Department of Education Approves New Mexico's Request for Flexibility from No Child Left Behind
WASHINGTON – New Mexico’s commitment to adopt bold reforms around standards, accountability and teacher effectiveness has qualified the state to receive flexibility from No Child Left Behind (NCLB), the current federal education law, Secretary of Education Arne Duncan announced today.
The announcement makes New Mexico the 11th state to receive a waiver from NCLB. Last week, declaring that our kids can’t wait any longer for Congress to act, President Obama announced the first 10 states approved for flexibility: Colorado, Florida, Georgia, Indiana, Kentucky, Massachusetts, Minnesota, New Jersey, Oklahoma, and Tennessee.
“Today, New Mexico joins the ranks of states leading the charge on education reform by protecting children, raising standards and holding themselves accountable,” Secretary Duncan said. “As New Mexico implements these reforms, it is important that all stakeholders are at the table and their voices are heard. We encourage the Governor and her team to work closely and in a bipartisan manner with the legislature, and to fully include educators, community and tribal leaders and parents in the process of advancing these reforms.”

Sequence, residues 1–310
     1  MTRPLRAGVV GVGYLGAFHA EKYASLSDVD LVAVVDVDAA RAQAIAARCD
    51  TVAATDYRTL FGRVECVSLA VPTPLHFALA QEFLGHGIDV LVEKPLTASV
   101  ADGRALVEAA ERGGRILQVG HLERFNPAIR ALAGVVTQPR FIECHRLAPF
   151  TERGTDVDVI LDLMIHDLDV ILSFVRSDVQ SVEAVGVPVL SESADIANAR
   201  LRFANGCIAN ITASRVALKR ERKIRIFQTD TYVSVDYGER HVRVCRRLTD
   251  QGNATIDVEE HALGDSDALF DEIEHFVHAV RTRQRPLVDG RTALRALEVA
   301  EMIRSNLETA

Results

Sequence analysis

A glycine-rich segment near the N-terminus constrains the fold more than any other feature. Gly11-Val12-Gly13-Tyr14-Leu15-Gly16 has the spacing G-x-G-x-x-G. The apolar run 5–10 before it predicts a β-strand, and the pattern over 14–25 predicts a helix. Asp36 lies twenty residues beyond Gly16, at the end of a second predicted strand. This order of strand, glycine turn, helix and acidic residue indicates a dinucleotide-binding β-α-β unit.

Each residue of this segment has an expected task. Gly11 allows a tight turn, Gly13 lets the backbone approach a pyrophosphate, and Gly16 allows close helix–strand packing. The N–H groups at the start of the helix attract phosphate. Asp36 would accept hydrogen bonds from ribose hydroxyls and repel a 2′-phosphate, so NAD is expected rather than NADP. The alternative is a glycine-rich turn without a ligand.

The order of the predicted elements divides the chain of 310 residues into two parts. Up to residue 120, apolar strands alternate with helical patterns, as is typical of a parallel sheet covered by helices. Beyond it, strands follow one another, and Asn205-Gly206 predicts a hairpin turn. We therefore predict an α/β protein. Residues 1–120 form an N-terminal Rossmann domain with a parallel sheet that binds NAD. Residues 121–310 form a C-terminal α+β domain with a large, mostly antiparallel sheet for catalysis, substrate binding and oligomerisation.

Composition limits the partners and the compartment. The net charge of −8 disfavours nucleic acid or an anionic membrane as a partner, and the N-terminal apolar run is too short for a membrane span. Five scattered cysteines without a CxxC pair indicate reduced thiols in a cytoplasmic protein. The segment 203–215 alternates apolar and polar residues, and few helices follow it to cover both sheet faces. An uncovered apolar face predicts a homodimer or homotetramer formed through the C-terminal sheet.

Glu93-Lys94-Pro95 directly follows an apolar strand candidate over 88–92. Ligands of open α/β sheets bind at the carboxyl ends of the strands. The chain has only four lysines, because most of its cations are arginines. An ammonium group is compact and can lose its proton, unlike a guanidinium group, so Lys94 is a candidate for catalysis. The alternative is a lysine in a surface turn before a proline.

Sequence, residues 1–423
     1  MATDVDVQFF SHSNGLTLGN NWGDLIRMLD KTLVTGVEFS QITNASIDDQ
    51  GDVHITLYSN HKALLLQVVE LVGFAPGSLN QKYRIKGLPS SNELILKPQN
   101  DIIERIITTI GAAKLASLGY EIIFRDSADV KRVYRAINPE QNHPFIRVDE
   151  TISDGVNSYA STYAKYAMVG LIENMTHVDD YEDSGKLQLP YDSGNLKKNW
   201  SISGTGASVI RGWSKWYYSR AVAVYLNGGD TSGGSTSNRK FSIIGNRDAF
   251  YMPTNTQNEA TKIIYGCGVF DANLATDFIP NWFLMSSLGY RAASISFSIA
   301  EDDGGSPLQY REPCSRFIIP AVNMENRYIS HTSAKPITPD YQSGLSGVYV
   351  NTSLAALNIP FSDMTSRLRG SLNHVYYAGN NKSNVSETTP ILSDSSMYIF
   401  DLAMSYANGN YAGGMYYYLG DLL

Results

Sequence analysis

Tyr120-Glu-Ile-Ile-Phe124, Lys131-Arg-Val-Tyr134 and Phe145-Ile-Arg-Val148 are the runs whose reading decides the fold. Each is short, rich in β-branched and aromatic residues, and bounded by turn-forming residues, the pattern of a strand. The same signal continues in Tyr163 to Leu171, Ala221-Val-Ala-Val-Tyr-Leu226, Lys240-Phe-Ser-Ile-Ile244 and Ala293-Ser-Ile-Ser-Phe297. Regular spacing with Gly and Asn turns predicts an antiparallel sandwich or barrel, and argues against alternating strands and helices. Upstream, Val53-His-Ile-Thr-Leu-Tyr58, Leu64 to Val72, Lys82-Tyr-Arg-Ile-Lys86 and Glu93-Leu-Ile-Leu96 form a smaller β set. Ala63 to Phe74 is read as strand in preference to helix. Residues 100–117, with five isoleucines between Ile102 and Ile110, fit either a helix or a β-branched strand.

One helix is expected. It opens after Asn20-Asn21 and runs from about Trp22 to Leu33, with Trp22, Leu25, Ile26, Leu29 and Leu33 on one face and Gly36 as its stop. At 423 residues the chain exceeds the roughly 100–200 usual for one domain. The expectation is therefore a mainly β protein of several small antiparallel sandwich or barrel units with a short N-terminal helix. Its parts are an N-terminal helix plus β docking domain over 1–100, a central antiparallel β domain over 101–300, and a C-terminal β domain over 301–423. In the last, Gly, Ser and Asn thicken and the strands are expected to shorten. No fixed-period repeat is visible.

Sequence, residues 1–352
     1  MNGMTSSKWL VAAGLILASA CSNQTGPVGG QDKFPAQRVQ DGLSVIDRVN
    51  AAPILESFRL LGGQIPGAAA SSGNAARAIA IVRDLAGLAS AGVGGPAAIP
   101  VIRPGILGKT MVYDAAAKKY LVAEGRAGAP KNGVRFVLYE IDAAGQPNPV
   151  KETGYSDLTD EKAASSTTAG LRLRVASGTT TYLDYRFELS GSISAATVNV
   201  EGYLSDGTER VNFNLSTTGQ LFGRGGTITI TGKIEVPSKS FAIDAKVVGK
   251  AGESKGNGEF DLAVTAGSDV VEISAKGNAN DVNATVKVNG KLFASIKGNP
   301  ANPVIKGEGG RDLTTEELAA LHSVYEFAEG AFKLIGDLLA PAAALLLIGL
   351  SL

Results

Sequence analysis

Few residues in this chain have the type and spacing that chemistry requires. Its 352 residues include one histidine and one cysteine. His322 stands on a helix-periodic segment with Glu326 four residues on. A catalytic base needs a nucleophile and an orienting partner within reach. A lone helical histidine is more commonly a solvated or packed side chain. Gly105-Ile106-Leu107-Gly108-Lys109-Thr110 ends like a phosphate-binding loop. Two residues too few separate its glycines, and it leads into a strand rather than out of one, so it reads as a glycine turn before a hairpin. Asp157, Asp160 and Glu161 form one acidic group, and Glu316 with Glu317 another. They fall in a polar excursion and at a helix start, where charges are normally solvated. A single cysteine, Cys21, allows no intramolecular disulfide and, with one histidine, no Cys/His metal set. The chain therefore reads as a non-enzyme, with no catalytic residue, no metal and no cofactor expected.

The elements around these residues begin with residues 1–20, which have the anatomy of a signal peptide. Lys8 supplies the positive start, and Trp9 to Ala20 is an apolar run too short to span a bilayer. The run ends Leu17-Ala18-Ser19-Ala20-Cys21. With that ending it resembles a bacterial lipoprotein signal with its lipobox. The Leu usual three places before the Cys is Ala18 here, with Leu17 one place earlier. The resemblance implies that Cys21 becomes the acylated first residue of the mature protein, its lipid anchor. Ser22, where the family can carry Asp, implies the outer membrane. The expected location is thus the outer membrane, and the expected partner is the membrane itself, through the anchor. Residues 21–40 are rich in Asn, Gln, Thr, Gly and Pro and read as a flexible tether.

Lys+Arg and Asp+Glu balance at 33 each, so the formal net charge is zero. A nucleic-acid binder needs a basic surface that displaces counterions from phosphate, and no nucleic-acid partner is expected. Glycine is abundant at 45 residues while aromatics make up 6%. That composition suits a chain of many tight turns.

Approval of New Mexico’s flexibility plan means that the state will no longer have to meet 2014 targets set by NCLB. In exchange, New Mexico will move to an accountability system that recognizes and rewards high-performing schools and those that are making significant gains, while targeting rigorous and comprehensive interventions for the lowest-performing schools.
New Mexico schools will develop and implement plans to improve educational outcomes for underperforming subgroups of students. New Mexico estimates that its new accountability plan will include 175 more schools and 20,000 more students by removing some of the practices common under NCLB that excluded many schools and students from accountability measurements
The state’s plans will also require continued transparency around achievement gaps, but will provide schools and districts greater flexibility in how they use Title I federal dollars to support students.